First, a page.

CALIFORNIA | LOCAL
October 27, 1992 |
Reps. Howard L. Berman (D-Panorama City) and Henry A. Waxman (D-Los Angeles) said Monday that they have received letters clearing them of possible criminal violations regarding the scandal-plagued House bank. The so-called "exoneration letters"--which Berman received Monday and Waxman Oct. 14--arrived after federal prosecutor Malcolm R. Wilkey pored over the lawmakers' bank records as well as those of many of their colleagues.
June 16, 2001 |
Rep. Henry A. Waxman (D-Los Angeles) called Friday on a prominent House Republican to investigate a controversy involving White House political strategist Karl Rove. In a letter to Rep. Dan Burton (R-Ind.), chairman of the House Committee on Government Reform, Waxman asked for a hearing on Rove's White House meeting in March with the chief executive of Intel Corp. At the time, Rove held at least $100,000 worth of Intel stock.
CALIFORNIA | LOCAL
October 11, 2005 |
Agoura Hills officials held a ceremony Monday thanking Rep. Henry A. Waxman for landing federal money for a project that will ease congestion at a Ventura Freeway interchange. The $4 million that Waxman (D-Los Angeles) was able to get inserted in a transportation bill signed last summer by President Bush will enable motorists to enter the freeway from both directions of Kanan Road without making traffic-clogging left turns and will widen freeway exit ramps that back up at peak hours.
March 30, 1992 |
Edmund G. (Jerry) Brown Jr. agreed Sunday that his call to an influential congressman to inquire about a campaign contributor's legal troubles smacked of the type of power politics that he is campaigning to end in his maverick bid for the Democratic presidential nomination. But he insisted he had done nothing inappropriate. In an appearance on ABC's "This Week With David Brinkley," the former California governor was asked if his call to Rep. Henry A.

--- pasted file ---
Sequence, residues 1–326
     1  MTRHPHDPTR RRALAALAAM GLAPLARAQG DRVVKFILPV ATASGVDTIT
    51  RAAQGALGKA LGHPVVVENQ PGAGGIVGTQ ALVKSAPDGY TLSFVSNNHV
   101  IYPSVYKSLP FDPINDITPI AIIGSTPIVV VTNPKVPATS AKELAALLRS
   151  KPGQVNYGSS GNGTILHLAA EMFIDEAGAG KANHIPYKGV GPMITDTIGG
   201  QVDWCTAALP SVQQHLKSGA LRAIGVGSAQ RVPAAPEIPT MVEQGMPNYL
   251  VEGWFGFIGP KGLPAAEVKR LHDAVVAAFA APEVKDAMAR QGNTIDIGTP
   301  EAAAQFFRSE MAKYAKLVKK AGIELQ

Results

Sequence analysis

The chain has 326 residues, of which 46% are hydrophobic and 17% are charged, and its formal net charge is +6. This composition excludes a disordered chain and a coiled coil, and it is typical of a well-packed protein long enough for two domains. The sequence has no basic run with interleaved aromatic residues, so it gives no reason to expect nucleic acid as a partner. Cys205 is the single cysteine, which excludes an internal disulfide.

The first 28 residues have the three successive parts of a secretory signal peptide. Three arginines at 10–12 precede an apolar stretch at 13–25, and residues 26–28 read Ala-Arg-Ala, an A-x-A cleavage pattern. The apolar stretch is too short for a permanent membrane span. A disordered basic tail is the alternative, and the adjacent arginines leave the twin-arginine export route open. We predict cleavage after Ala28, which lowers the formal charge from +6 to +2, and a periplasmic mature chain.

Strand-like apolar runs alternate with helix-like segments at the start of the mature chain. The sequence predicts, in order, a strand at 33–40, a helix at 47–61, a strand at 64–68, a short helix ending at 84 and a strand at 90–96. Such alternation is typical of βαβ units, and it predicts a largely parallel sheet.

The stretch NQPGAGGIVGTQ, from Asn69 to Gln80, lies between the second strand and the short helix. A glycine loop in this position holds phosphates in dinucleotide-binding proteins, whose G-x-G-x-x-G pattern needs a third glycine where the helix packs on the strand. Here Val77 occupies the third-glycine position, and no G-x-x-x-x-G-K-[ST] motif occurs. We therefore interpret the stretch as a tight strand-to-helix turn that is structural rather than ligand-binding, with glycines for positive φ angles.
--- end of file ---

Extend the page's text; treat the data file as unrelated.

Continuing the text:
September 29, 1989 |
A House panel overrode opposition from auto makers Thursday and voted to require that cars built in the future be fitted with special canisters to trap smog-causing vapors released during refueling. The vote was hailed by environmentalists as a significant victory in the legislative battle, currently being fought in the House Energy and Commerce health and environment subcommittee, to strengthen President Bush's proposed clean air bill.
CALIFORNIA | LOCAL
November 6, 1994 |
U.S. Rep. Henry A. Waxman (D-Los Angeles), 55, has been a member of Congress since 1974. He is married and has two children. Republican challenger Paul Stepanek, 33, owns a video production company. He and his wife live in Westwood. Waxman is the quieter half of the well-known political machine named for him and U.S. Rep. Howard L. Berman (D-Panorama City).
April 24, 1998 |
Angered by their Republican chairman's characterization of President Clinton as "a scumbag," Democrats on a House panel defeated a GOP move Thursday to obtain immunity for four witnesses in the ongoing investigation of campaign fund-raising abuses. Rep. Henry A. Waxman of Los Angeles, ranking Democrat on the House Government Reform and Oversight Committee, said that the scumbag remark, made by Chairman Dan Burton (R-Ind.) last week, was "vile and repugnant."
September 27, 1989 |
A House subcommittee Tuesday defeated a proposal to strengthen President Bush's clean air proposal by imposing much stricter emission standards on all motor vehicles manufactured after 1993. To the disappointment of environmentalists, the Energy and Commerce subcommittee on health and the environment rejected a proposal by its chairman, Rep. Henry A.
May 6, 1993 |
When President Clinton unveils his sweeping overhaul of the nation's health care system next month, its fate in the House of Representatives will rest largely in the hands of two Californians. One is Rep. Henry A. Waxman (D-Los Angeles), one of the House's most masterful legislative tacticians, a consummate insider with a legendary skill at political maneuver. The other, Rep. Pete Stark (D-Oakland), meanwhile, is not given to walking or talking anyone else's line.
April 20, 1990 |
A congressional hearing on legislation that would commit nearly $1.5 billion to the treatment of early-stage AIDS infections next year erupted Thursday into a debate over a proposal to require doctors to report the names of infected patients to health authorities. On opposite sides of the issue were Rep. William E. Dannemeyer (R-Fullerton), who supports mandatory reporting of patients infected with the AIDS virus, and Rep. Henry A.